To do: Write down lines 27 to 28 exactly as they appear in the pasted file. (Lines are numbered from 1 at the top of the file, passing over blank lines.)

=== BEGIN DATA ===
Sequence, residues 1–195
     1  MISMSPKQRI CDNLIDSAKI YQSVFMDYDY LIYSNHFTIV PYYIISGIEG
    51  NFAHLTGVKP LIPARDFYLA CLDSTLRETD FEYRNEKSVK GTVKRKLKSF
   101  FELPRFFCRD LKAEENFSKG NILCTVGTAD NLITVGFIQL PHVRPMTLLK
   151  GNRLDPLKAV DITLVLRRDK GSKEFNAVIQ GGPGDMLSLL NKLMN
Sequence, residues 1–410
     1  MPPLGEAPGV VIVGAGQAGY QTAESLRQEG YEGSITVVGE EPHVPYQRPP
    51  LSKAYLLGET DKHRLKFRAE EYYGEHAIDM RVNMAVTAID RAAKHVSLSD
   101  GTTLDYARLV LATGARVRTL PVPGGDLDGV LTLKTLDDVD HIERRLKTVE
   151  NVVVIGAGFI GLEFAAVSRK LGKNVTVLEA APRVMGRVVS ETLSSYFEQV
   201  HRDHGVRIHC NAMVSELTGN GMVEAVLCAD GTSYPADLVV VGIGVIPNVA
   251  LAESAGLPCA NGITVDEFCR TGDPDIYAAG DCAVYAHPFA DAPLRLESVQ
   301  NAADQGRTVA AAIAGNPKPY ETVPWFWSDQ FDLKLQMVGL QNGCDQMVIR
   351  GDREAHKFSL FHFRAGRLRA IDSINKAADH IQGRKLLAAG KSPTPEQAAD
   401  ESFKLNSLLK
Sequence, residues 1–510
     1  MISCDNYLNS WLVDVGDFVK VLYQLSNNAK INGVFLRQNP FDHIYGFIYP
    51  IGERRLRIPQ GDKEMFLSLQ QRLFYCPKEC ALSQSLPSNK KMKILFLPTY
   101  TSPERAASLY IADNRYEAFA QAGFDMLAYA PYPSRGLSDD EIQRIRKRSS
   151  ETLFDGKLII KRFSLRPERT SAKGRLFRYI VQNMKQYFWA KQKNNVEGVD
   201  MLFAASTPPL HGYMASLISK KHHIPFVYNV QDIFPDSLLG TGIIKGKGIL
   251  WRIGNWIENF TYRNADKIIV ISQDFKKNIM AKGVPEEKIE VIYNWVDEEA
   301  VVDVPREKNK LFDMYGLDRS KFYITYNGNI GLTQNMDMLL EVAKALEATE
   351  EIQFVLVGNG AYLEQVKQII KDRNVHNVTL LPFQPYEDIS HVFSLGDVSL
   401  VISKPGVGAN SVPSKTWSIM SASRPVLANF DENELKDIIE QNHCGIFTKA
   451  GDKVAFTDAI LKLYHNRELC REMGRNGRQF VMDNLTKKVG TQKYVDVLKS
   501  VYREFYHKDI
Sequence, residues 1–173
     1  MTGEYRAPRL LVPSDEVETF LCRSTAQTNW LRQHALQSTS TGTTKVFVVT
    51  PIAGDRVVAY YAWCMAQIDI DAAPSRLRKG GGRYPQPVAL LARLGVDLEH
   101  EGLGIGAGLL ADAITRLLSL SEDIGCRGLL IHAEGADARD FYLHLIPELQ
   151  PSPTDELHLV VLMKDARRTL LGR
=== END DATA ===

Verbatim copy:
   501  VYREFYHKDI
Sequence, residues 1–173